The influence of hydrogen sulfide contaminations on hydrogen production in chemical looping processes

Publikation: Beitrag in einer FachzeitschriftArtikel


Chemical looping with iron-based oxygen carriers enables the production of hydrogen from various fossil and biogenic primary energy sources. In applications with real producer gases, such as biogas or gasified biomass, hydrogen sulfide represents one of the most challenging contaminants. The impact of H2S on the reactivity of a Fe2O3/Al2O3 oxygen carrier material in chemical looping hydrogen production was investigated in the present work. First, potential sulfur deactivation mechanisms are discussed in detail on the basis of thermodynamic data. Afterwards, an experimental study in a fixed-bed reactor system gave experimental evidence on the fate of sulfur in chemical looping hydrogen systems. The chemisorption of hydrogen sulfide (H2S) was identified as the main cause for the accumulative adsorption of H2S in the reduction phase and was confirmed by ex-situ ICP-EOS analysis. In the subsequent steam oxidation step, significant quantities of H2S were released resulting in an undesirable contamination of the hydrogen product gas. The reason was found as weakened sulfur bonds through increasing reactor temperatures caused by the exothermic oxidation reactions. In additional air oxidation steps no further contaminants as sulfur dioxide were identified. A profound interpretation was achieved through the fulfillment of the overall sulfur mass balance within a mean deviation of 3.7%. Quantitative investigations showed that the hydrogen consumption decreased by 12% throughout the reduction phase in the event of 100 ppm H2S in the feed gas.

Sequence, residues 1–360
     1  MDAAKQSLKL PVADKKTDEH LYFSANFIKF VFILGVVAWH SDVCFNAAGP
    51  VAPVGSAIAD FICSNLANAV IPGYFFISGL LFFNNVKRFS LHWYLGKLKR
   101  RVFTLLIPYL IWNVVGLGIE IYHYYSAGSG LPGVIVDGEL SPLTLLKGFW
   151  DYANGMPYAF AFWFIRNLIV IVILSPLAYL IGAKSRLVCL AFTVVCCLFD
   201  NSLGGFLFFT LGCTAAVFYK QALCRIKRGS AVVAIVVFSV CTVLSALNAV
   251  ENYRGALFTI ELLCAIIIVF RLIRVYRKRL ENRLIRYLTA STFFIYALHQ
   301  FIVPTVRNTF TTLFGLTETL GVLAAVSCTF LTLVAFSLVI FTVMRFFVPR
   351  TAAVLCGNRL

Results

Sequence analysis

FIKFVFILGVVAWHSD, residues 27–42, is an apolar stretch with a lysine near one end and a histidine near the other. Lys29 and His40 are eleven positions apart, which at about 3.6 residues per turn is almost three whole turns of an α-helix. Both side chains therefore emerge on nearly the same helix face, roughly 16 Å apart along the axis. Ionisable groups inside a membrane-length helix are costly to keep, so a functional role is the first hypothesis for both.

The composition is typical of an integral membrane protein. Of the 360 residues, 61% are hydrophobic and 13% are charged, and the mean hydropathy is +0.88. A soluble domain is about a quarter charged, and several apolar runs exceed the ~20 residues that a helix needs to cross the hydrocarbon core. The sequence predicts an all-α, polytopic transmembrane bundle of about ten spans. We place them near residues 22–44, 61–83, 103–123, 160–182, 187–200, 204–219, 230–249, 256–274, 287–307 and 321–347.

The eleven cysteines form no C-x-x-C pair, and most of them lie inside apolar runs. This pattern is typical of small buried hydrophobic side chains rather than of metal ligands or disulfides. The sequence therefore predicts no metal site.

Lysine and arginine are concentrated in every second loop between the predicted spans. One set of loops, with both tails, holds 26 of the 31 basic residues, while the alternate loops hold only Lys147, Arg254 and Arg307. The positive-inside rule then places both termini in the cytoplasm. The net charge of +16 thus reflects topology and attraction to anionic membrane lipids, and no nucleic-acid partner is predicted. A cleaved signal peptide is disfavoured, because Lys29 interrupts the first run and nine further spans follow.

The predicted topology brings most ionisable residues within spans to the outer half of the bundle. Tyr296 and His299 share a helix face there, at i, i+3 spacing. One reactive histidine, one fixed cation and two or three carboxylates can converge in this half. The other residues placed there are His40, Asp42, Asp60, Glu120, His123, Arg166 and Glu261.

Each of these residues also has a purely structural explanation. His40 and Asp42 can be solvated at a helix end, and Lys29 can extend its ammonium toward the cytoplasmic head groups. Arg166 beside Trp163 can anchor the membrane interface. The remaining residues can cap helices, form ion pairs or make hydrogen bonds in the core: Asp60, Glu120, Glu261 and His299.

PublikationsstatusVeröffentlicht - 1 Jan 2022

Fields of Expertise

  • Mobility & Production


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